quarkus.web-bundler.bundle.foo=true (1)
quarkus.web-bundler.bundle.bar=true (2)
quarkus.web-bundler.bundle.baz=true (1)
1 Bundle src/main/resources/web/foo/…​ and src/main/resources/web/baz/…​ together into /static/bundle/foo-[hash].[ext]
2 Bundle src/main/resources/web/my-dir/…​ into /static/bundle/my-key-[hash].[ext]
By default, as soon as more than one entry-point key is configured, shared code and web dependencies are split off into a separate file. That way if the user first browses to one page and then to another page, they don’t have to download all the JavaScript for the second page from scratch if the shared part has already been downloaded and cached by their browser. The path of the shared static script is /static/bundle/chunk-[hash].js. This setup is perfect if you create an app with different pages using different scripts, libraries and styles.

How is it bundled (Loaders)

Bases on the files extensions, the Web Bundler will use pre-configured loaders to bundle them. For scripts and styles, the default configuration should be enough.

For other assets (svg, gif, png, jpg, ttf, …​) imported from your scripts and styles using their relative path, you may choose the loader based on the file extension allowing different options (e.g. serving, embedding the file as data-url, binary, base64, …​). By default, they will automatically be copied and served using the file loader.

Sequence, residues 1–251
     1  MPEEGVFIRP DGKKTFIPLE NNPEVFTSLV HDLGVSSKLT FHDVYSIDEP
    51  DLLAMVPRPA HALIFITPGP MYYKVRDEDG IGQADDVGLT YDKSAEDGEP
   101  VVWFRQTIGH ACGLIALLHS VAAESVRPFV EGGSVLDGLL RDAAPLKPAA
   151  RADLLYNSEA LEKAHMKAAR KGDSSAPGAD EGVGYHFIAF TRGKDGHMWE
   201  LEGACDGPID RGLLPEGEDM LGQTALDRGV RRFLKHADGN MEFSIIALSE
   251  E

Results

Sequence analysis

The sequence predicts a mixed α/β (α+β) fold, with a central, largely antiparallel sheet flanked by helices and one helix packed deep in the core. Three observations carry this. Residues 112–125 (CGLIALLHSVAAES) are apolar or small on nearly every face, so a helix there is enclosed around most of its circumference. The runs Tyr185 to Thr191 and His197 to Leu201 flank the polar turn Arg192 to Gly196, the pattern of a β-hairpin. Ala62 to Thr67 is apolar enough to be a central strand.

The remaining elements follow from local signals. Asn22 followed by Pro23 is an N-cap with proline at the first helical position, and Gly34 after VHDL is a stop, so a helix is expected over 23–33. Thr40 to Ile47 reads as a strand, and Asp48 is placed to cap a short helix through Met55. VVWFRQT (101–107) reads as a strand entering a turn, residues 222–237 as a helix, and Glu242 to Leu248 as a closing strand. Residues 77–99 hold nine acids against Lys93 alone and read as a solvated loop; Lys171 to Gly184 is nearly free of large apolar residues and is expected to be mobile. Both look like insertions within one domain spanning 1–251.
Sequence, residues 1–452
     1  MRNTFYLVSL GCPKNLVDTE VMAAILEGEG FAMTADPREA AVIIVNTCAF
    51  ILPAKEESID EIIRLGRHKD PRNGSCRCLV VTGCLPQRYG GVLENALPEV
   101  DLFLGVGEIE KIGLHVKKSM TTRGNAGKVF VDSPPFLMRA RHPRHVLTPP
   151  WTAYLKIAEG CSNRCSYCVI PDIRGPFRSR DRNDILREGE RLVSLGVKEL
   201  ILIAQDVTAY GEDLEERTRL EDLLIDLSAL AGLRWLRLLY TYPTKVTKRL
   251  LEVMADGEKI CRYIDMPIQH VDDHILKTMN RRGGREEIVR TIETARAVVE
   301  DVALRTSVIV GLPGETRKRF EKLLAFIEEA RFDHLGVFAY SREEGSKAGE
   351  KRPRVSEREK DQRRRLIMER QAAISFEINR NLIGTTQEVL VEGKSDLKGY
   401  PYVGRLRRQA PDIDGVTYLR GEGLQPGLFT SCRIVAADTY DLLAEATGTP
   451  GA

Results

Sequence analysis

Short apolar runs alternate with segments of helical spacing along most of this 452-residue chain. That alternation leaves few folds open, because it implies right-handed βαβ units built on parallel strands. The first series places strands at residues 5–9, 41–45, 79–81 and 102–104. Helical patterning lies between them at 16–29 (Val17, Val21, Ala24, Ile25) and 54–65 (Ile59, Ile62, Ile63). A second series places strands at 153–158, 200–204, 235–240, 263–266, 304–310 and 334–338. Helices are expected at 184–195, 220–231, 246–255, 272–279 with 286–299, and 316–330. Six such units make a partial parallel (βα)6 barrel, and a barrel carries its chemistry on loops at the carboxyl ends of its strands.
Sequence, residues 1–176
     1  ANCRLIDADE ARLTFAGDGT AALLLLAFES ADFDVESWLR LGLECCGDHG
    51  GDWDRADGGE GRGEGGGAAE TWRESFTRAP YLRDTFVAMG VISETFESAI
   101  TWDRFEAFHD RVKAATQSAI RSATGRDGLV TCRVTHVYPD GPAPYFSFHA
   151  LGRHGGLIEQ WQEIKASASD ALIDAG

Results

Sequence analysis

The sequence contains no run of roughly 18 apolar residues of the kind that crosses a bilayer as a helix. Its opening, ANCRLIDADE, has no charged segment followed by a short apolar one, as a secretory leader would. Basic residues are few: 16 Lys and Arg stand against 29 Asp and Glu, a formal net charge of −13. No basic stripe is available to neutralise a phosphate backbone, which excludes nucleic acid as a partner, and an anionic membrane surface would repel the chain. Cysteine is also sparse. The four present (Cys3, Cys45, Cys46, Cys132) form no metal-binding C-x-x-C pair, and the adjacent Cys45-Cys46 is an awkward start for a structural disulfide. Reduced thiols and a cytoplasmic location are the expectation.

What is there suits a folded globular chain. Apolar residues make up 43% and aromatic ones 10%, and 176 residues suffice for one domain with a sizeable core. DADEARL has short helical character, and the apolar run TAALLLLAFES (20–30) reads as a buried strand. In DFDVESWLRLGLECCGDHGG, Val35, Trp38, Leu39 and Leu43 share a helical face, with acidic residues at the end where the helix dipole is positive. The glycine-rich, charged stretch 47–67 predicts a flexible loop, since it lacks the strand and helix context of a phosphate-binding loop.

For example, url('./example.png') in a style or import example from './example.png'; in a script will be processed, the file will be copied with a static name and the path will be replaced by the new file static path (e.g. /static/bundle/assets/example-QH383.png). The example variable will contain the public path to this file to be used in a component img src for example.

For convenience, when using a file located in the static directory (e.g. url('/static/example.png'), the path will not be processed because all files under /static/** are marked as external (to be ignored from the bundling). Since /static/example.png will be served by Quarkus (See Static files), it is ok.


You can use scss or sass files out of the box. Local import are supported. Importing partials is also supported begin with _ (as in _code.scss imported with @import 'code';).

Server-Side Qute Components

This features requires quarkus-qute or quarkus-qute-web in the project (and this is not made to be used with the build-time template rendering).

This is not always needed but if you need to add specific script and/or style to your Qute tags (Server Side Qute Components). This will help you do it elegantly.

To enable server-side components, add this in the application.properties:

quarkus.web-bundler.bundle.components.key=main (1)
quarkus.web-bundler.bundle.components.qute-tags=true (2)
1 use main to have a single merged bundle with the app (or remove this line to use qute-components as default)
2 activate qute-tags support (default is false)

Here is a nice convention to define your components: src/main/resources/web/components/[name]/[name].{html,css,scss,js,ts,…​};. The scripts, styles and assets will be bundled, the html template will be usable as a Qute tag.

Example: - src/main/resources/web/components/hello/hello.html - src/main/resources/web/components/hello/hello.js - src/main/resources/web/components/hello/hello.scss